Mississippi Supreme Court Dodges Question Over Tort Reform
Though the decision was highly anticipated, the Mississippi Supreme Court decided earlier this week to avoid the hotly contested issue of tort reform. Many hoped the Court would take a stand regarding the constitutionality of the state’s current $1 million cap on noneconomic damages in civil injury cases.
The state Supreme Court heard arguments last year dealing in response to a request from a three-judge panel of the 5th U.S. Circuit Court of Appeals regarding the constitutionality of the cap on damage awards in a federal case. The Fifth Circuit panel said at the time that the issue was an important one regarding state law about which there is no current controlling precedent.
Rather than settle the matter, the Supreme Court refused to answer the
question, saying that there was no case before the Court on the subject.
Justice Michael Randolph wrote that the Court was not willing to “answer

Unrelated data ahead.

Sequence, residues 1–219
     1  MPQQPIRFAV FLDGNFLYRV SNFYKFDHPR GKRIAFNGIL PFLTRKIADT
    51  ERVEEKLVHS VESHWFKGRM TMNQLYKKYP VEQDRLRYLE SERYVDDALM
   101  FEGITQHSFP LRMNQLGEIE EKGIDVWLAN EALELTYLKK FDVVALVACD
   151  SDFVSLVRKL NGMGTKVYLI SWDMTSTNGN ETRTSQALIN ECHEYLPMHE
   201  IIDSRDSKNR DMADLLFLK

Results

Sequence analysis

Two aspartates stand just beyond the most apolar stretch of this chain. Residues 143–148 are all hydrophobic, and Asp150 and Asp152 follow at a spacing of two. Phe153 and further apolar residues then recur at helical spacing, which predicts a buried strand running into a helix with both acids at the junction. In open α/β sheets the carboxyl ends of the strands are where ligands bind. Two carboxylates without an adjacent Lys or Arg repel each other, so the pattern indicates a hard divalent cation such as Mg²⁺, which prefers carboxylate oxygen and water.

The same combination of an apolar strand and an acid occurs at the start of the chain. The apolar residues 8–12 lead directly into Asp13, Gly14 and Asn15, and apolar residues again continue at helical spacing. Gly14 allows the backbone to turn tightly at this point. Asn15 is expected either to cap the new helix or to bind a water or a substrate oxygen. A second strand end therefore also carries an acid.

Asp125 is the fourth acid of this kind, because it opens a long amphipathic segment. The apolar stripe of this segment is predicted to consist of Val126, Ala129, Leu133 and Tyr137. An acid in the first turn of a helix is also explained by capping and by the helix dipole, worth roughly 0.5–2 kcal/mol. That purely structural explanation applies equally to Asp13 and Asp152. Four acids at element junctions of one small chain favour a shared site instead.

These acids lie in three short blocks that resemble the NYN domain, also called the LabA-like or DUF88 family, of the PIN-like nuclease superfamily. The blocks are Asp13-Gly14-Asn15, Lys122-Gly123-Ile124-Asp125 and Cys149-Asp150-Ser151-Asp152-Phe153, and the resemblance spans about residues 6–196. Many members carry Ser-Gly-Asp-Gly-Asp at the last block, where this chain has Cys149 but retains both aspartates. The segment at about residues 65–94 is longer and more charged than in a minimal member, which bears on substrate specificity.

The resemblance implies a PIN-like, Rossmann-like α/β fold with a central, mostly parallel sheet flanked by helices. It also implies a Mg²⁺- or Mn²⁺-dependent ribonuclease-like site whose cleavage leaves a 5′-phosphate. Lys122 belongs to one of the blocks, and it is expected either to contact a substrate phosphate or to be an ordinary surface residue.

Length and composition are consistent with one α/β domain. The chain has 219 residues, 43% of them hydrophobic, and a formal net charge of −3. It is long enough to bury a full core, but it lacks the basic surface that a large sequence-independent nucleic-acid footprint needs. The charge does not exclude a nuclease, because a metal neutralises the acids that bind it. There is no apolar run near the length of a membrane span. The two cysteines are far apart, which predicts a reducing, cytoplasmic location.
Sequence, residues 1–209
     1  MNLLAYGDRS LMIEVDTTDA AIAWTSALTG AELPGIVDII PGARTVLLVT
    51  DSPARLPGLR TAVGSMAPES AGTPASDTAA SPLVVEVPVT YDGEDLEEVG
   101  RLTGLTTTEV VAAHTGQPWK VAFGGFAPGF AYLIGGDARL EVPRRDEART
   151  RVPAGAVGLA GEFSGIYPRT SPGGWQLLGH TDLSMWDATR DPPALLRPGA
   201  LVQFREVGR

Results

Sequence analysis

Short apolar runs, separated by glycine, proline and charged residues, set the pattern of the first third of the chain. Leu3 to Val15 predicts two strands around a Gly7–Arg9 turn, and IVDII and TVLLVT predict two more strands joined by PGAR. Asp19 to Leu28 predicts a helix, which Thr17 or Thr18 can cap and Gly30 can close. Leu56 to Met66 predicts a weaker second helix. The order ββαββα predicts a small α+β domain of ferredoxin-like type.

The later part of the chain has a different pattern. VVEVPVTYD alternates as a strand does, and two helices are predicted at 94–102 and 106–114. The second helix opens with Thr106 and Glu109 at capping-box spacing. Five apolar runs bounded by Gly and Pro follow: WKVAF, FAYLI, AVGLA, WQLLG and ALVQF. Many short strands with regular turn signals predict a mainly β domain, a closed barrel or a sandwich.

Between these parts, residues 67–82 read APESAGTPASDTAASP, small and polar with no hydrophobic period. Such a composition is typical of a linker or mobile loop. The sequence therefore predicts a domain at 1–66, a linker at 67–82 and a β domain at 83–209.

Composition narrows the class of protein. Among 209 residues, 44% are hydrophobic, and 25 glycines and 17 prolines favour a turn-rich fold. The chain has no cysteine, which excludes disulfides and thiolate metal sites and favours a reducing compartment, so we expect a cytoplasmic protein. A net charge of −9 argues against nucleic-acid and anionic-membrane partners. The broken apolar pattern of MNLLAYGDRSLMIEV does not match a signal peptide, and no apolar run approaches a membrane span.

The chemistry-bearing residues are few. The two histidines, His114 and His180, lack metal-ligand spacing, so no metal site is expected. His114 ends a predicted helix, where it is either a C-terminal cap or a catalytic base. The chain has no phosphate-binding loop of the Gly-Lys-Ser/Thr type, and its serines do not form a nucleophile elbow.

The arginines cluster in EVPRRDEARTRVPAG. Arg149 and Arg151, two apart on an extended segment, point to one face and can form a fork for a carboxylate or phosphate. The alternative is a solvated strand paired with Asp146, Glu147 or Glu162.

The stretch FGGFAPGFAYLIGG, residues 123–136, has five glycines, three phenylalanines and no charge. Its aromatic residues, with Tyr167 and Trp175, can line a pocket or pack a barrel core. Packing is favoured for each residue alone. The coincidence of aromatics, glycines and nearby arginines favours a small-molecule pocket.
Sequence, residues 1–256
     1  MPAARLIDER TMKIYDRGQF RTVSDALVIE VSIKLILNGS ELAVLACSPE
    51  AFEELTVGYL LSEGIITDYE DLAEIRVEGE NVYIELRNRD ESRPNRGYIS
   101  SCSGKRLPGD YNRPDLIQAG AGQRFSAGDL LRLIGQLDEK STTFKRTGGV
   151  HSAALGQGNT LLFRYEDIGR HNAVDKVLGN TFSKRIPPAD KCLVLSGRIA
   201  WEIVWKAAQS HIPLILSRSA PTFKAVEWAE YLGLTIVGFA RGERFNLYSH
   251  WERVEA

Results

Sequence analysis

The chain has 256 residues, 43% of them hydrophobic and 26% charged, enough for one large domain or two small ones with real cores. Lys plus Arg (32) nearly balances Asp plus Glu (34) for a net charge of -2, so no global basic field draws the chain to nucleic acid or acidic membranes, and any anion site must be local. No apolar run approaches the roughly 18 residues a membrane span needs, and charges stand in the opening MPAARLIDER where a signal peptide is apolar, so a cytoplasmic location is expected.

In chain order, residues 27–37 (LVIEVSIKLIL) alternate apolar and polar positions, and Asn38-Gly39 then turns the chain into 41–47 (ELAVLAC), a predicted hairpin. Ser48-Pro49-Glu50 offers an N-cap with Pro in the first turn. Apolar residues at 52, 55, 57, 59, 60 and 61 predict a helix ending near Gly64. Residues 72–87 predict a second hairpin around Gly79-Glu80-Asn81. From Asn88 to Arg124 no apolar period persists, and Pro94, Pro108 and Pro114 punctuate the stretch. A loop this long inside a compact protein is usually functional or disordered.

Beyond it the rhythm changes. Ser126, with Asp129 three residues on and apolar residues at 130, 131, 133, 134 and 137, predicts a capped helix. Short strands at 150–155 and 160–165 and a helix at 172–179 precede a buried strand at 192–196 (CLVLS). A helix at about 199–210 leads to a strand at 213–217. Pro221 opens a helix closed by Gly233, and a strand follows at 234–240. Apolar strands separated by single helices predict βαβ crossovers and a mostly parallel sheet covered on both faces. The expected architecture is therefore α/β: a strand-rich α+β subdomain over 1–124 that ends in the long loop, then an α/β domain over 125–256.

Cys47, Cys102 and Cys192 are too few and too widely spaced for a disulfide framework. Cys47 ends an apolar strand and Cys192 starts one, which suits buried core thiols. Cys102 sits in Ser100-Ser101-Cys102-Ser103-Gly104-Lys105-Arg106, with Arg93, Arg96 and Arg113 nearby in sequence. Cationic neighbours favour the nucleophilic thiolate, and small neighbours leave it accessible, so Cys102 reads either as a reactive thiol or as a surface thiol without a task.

a certified constitutional question outside the clear context of its application.”
Justice Randolph continued, saying that “…The constitutionality
of a statute is not to be addressed abstractly, speculatively, or in the
manner of an academic discussion, but rather in the context of its clear
There was increased anticipation that the Court might act on the matter given the decision earlier this year (which we wrote about here) by Circuit Judge Charles Webster, of Clarksdale, that the cap on noneconomic damages (often known as pain and suffering damages) is unconstitutional. In his opinion, Judge Webster took a swipe at Mississippi legislators for overstepping their bounds into judicial territory.
Opponents of the cap believe it’s only a matter of time until the measure is declared unconstitutional. They say the cap unfairly harms innocent victims and succeeds only in helping those responsible for terrible injuries. Proponents of the law say it was drafted by a bipartisan group of legislators and fully complies with the state’s constitution.
Source: “Mississippi Supreme Court declines to address tort reform,” by The Associated Press, published at GulfLive.com.
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